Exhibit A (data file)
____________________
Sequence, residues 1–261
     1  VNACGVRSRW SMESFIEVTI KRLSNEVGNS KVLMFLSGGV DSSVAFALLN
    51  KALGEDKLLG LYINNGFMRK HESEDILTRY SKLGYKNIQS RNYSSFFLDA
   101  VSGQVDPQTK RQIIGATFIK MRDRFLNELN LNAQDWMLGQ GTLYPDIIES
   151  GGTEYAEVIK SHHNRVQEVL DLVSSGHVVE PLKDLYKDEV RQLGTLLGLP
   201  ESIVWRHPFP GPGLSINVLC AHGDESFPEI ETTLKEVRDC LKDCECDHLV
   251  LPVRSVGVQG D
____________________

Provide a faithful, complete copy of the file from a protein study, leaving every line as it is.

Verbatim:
Sequence, residues 1–261
     1  VNACGVRSRW SMESFIEVTI KRLSNEVGNS KVLMFLSGGV DSSVAFALLN
    51  KALGEDKLLG LYINNGFMRK HESEDILTRY SKLGYKNIQS RNYSSFFLDA
   101  VSGQVDPQTK RQIIGATFIK MRDRFLNELN LNAQDWMLGQ GTLYPDIIES
   151  GGTEYAEVIK SHHNRVQEVL DLVSSGHVVE PLKDLYKDEV RQLGTLLGLP
   201  ESIVWRHPFP GPGLSINVLC AHGDESFPEI ETTLKEVRDC LKDCECDHLV
   251  LPVRSVGVQG D